2. A 2-meter-long roof antenna, held in the hot sun on the roof of the house. This antenna sourced from Alibaba is an outdoor antenna nominally for 900 MHz frequencies. We used a short 30 cm cable to connect it to the Conduit router, also located on the roof. The setup was also tested from street level, this time from the back of a pickup truck driving slowly around Gamboa.
Trucking around Gamboa with range testing in the back.

We got a surprise! The indoor setup with the small antenna worked significantly better than the large roof antenna. This is most likely due to degraded performance of the roof antenna itself, rather than its prime location or the short cabling. We are pretty convinced that the Alibaba antenna simply wasn’t up to snuff. For the moment, I’m recommending that we continue with the stock antenna in the current location until we can get an outdoor setup that can be proven superior.

Results

Here’s our testing results. The number next to each is the received signal strength indicator (RSSI) in dBm. If you click on a test location you can also see the signal-to-noise ratio (SNR) listed below the RSSI number.

Interactive map: Indoor antenna test:

Interactive map: Outdoor antenna test:

These tests were a lot of fun to do and the results saved Dinalab from installing an antenna that would have reduced system performance, so they were a big success. The Pycom equipment was easy to set up and configure as usual. My MicroPython code and our raw data file results can be downloaded here.

It’s easy to do environmental sensing at ground level. But how about up in the air over our heads? If we could somehow reach it inexpensively and safely, can we directly explore what lies above, perhaps making our own discoveries?

One of my projects for Dinacon 2019 will create a party-balloon platform for inexpensive aerial environmental sensing. Everyday balloons offer a number of advantages. They are readily available and very safe to fly. They don’t cost much or require any licensing, training or piloting skills. Balloons don’t use any fuel or batteries, yet they can stay aloft for days at a time, silently. When tethered, it’s easy to control their height and position in space and they’re quite environmentally friendly. Balloon lofting is perfect for children’s science programs, hacker workshops, citizen science research, digital naturalism, technology art, and low-cost indoor or industrial monitoring.

My initial ballooning prototype will explore a variety of sensors to see what kind of aerial data is interesting. For motion we will use an accelerometer, gyroscope and GPS unit to tell us where our sensing station is and measure how it is moving in space. We will also get airborne data on temperature, pressure and humidity since we know these vary interestingly with altitude. Many more sensors are available to be tried. UV sensing, air quality, dust levels, light, carbon dioxide, and wind are all on our list. I’ll be using Pycom’s Pysense and Pytrack shields, augmented by Grove sensors.

There are many platforms for obtaining and transmitting sensor data. For this project I’m experimenting with the remarkable FiPy module from Pycom. It has a ton to offer! There’s plenty of I/O to support our sensors, an ESP32 processor running my favorite MicroPython development environment, and no less than FIVE radio options, all onboard. The FiPy can communicate locally using WiFi and Bluetooth, or long-range with LoRa, SigFox and mobile LTE (Cat-M/NB-IoT). This means a single hardware platform can easily travel between different countries and environments, using the best communications method for the job at hand. So far the FiPy has been very easy to set up and use. I’ve needed to do a bit of updating the sample code for non-European frequencies and radio frameworks. With those set, I’ve been successful in transmitting on all five protocols. There’s even a cloud platform Pybytes to manage incoming data and remotely update devices in the field. And Pybytes is just one option. The FiPy module will communicate with Things Network for LoRa, Cayenne for data display, AWS, Azure, Watson, and many other IoT platforms.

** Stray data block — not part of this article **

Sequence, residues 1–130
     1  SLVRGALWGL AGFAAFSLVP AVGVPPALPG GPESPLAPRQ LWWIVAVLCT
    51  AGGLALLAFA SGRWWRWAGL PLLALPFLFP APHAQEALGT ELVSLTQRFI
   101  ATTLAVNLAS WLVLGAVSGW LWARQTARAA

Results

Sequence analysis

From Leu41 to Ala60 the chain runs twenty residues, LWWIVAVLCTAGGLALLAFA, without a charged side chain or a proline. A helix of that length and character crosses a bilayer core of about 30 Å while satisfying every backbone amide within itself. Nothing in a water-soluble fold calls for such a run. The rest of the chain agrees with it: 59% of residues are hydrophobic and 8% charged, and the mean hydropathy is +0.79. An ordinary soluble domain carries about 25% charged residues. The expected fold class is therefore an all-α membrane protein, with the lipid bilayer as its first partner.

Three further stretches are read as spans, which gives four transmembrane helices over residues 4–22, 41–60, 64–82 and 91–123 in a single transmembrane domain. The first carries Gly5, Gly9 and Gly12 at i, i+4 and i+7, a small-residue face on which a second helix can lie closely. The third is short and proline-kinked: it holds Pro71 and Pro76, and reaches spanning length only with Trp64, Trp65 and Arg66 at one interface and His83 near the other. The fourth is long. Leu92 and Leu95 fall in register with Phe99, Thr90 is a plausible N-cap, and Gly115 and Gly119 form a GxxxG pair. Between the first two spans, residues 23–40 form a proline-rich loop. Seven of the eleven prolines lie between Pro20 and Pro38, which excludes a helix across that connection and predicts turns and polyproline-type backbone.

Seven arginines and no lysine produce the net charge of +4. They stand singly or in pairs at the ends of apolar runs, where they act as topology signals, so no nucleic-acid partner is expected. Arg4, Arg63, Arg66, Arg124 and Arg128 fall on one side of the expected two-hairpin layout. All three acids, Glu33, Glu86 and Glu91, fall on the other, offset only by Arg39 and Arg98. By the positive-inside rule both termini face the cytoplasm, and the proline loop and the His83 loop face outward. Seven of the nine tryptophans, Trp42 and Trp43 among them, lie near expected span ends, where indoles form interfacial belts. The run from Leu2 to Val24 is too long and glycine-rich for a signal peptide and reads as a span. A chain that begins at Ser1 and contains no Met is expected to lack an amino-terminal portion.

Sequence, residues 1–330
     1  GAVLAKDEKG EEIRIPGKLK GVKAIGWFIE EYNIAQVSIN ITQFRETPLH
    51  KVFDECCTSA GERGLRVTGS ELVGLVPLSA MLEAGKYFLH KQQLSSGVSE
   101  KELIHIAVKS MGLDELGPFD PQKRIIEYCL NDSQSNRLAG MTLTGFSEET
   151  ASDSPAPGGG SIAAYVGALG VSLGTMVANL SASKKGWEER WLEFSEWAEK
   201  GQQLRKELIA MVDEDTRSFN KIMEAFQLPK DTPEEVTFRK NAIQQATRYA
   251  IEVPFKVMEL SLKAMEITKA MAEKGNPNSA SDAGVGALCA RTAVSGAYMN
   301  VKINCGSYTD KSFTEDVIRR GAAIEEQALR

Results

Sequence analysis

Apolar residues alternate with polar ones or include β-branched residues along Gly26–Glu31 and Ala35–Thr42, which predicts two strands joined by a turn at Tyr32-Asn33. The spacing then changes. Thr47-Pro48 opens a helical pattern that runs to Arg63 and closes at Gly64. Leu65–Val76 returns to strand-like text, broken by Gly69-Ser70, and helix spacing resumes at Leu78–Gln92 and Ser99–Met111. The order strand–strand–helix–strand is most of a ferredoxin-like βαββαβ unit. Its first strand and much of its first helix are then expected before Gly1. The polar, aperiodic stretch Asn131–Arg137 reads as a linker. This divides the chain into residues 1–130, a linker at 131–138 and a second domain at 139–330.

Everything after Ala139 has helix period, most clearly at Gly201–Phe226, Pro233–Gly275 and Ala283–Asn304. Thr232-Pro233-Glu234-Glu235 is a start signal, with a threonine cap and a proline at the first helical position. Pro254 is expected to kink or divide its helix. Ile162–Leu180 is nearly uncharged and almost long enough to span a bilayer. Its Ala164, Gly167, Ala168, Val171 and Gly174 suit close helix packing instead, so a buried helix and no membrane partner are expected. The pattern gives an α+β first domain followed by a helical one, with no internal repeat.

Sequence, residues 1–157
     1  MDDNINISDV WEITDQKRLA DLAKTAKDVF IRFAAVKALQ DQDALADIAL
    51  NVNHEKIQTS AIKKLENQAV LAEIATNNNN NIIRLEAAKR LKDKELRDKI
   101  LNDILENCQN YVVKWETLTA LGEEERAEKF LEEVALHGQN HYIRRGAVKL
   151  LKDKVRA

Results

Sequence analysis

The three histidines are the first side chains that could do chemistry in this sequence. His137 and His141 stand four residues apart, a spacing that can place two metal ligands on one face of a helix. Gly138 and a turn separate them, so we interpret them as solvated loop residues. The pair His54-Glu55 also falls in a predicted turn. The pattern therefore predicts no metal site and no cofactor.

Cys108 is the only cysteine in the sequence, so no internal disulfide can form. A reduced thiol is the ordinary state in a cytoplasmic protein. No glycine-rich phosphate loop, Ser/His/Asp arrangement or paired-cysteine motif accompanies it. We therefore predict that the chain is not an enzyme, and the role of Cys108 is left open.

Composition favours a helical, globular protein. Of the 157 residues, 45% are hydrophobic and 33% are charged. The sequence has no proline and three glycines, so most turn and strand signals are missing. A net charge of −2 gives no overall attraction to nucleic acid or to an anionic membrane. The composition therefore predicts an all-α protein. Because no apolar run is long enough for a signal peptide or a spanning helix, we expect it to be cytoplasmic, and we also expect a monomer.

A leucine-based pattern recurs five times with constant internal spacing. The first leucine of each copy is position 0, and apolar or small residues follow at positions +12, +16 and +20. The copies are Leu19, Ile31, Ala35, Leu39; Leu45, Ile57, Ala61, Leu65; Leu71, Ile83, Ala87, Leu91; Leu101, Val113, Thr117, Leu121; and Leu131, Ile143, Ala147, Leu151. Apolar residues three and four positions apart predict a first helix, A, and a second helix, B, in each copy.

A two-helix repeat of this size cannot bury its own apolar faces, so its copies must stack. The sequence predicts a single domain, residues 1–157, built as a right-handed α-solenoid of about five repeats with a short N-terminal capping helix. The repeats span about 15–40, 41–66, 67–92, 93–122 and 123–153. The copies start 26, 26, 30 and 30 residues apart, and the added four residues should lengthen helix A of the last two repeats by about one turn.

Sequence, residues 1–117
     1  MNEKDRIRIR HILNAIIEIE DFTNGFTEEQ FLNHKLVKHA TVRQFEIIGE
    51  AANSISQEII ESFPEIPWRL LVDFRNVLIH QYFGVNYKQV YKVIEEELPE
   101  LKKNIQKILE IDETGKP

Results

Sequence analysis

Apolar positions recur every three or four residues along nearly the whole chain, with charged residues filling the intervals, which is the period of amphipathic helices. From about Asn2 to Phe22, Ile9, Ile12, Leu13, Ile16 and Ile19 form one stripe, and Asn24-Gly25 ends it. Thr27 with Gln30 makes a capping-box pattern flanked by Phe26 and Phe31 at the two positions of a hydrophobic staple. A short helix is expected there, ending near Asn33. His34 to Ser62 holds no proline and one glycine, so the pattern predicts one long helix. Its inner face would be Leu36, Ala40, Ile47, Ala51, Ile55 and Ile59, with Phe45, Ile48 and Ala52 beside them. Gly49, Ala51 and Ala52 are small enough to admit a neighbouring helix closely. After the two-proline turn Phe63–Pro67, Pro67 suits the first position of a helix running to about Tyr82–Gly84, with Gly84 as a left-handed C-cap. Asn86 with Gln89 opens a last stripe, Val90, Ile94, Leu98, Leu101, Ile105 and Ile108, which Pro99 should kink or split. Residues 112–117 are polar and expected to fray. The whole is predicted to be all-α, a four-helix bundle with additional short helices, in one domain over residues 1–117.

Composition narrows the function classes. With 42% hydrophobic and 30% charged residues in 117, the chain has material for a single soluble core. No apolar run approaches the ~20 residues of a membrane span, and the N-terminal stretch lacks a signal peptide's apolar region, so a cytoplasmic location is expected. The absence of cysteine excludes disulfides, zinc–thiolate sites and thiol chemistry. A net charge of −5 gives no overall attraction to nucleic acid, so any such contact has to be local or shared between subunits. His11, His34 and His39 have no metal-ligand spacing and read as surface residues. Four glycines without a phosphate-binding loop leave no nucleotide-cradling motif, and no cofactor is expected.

Pycom’s FiPy module with Wi-Fi, Sigfox, LoraWAN, Bluetooth and Cellular radios.

Looking forward to building this at the second annual Dinacon Digital Naturalism Conference, a month-long hackathon where biologists, technologists and artists gather in the jungle to use our skills together far from the comfort of our labs. As a node-leader for the conference I’m also planning to run a 4-in-4 fast prototyping workshop, and perhaps plant a rust garden. Those projects to be covered in upcoming posts.

The Problem with Time & Timezones

Maybe you’ve struggled with coding for time zones, local calendars or historical time changes. Or perhaps you’ve wondered why a software developer went pale when you asked them to add local time calculations to an app and wondered why?

In this classic review, Tom Scott explains how a seemingly simple measurement calculation becomes a “twisty-turny thing” that takes software developers down a path to madness.

I’ve been writing hands-on examples for using MicroPython on XBee radios. MicroPython is an open-source programming language based on Python 3, modified to fit on small devices, and optimized for microcontrollers. By using MicroPython, an easy-to-learn scripting and programming language, you can rapidly prototype intelligent behaviors at the edges of your network. Cryptic sensor readings can be transformed into useful data, excess transmissions can be intelligently filtered out, and modern sensors and actuators can be employed directly. Here’s the examples thus far:

Here’s a fun project I created for Digi International a while back. I just wrote up for them as an Instructable so that anyone can make their own. All materials, steps, diagrams and necessary code are included in the instructions. You can get started right away.

The Digi XBee3 Cellular SMS ActivityBot is an educational robot that can be controlled with text messages from any cell phone, anywhere in the world. The ActivityBot, made by Digi’s friends at Parallax Inc. is designed for first-time robot-builders and is widely used in technology and engineering education.

SMS text messages sent to the robot can command it to drive forward, back, or the left or right. It has a built in roaming mode where it becomes self-driving, using two “whisker” sensors to detect obstacles to the right or left. The ActivityBot uses the Digi XBee3 Cellular module to report back what it’s sensing in real time. For example, any time one of the “whisker” sensors is triggered, that event is immediately reported back to the cell phone as a text. (Of course, only robots should text and drive.) You can see all of these behaviors in the video below, then build your own using these complete instructions.